Music (excluding jazz)
The Chicago Committee to Save Lives in Chile (CCSLC) was a coalition of individuals and organizations that worked to restore human rights in Chile following the 1973 military coup. The CCSLC held rallies, conferences, and educational events to raise awareness of problems in Chile. In 1979, members of the Committee created the Pablo Neruda Cultural Center to promote Chilean and Latino cultural activities in Chicago and to develop and foster Latino and Latin American literature, visual and performing arts in the United States. For these purposes, the Center initiated and coordinated programs such as music concerts, conferences, and exhibits of artists and organizations in Chicago.
The carillon is considered to be the world's largest musical instrument, made up of at least 23 bronze bells and the particular keyboard that plays them. The Laura Spelman Rockefeller Carillon donated to the University of Chicago and installed in 1932 has 72 bells and is the second largest carillon in the world. Wylie Crawford has been the University carillonneur since 1984, and this collection of carilloniana was compiled by him. The collection contains concert programs, publicity, news clippings, correspondence, pamphlets and brochures on carillons all over the world, books and serial publications dedicated to the carillon and bells, carillonneur association bulletins and newsletters, conference materials, and audio-visual materials, all dating from 1898 to 2012, with the bulk of the material dating from the 1970s to the 2010s. The collection primarily documents the history of the Laura Spelman Rockefeller Carillon and carillonneurs' activities in North America and Europe.
The Gilbert and Sullivan Opera Company is a Hyde Park-based theatre company devoted exclusively to performing the works of Gilbert and Sullivan. They have been in operation since 1960, generally producing one operetta annually. The collection contains a small amount of administrative material, but the bulk of the collection is comprised of set and costume designs, flyers, programs, posters, and other material pertaining to specific productions. Of particular interest are 11 set models. The collection spans the years 1960-2010, with the bulk of the material from 1980-2008.
This is a collection of the administrative records of the Hyde Park Youth Symphony. The records of the Symphony include administrative, budget, and fund raising material arranged by year, dating back to 1983. Also included are recordings of concerts, newspaper clippings and a scrapbook of photographs and programs.
Hugo Kauder, composer, musician. The Hugo Kauder Papers and Addenda includes records, holograph manuscript scores, reproduced manuscript scores, and published scores. Many of the scores reproduced by blueprint process bear holograph revisions or dynamic markings in pen or pencil, and a number of scores are inscribed to Edward E. Lowinsky and his family. This collection has been assigned Codex Manuscript #1399.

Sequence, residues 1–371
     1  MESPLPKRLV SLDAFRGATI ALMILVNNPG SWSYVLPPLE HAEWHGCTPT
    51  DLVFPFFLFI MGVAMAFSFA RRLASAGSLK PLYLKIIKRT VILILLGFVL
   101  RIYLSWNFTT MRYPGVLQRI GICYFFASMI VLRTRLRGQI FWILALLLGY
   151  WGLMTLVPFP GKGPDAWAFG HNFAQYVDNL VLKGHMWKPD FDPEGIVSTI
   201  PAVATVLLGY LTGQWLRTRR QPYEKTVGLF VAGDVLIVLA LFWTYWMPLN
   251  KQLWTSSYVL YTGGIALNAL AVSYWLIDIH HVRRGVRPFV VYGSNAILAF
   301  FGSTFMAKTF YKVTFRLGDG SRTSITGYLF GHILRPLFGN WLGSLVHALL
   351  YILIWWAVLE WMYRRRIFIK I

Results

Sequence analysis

Ernst Levy (1895-1981), composer and professor of music at the University of Chicago (1951-54). Papers include musical scores and many significant written academic works, including a French manuscript of his book A Theory of Harmony. Public and biographical items include an extensive radio broadcast interview, late interest and news articles mentioning Levy and significant correspondence, biographical information, catalogs of released recordings and copies of catalogued records from European libraries.
The Lincoln Collection, Sheet Music contains sheet music relating to Abraham Lincoln, the Civil War, and the American nation in general during the nineteenth century. It forms a part of the William E. Barton Collection of Lincolniana.
Edward Elias Lowinsky (January 12, 1908 – October 11, 1985), musicologist, served on the faculty of University of Chicago's Department of Music from 1961 until his retirement in 1976. An innovative scholar of sixteenth-century music, Lowinsky set academic and editorial standards in the field of musicology, and provoked debate and discussion that elevated the field. The collection documents Lowinsky's education and early career in Germany and Holland; his work at Black Mountain College, Queens College, University of California, and the University of Chicago; his activities with the American Musicological Society; and his family and personal life. The collection contains personal and professional correspondence, administrative records, manuscripts, scores, teaching materials, audio recordings, and photographs.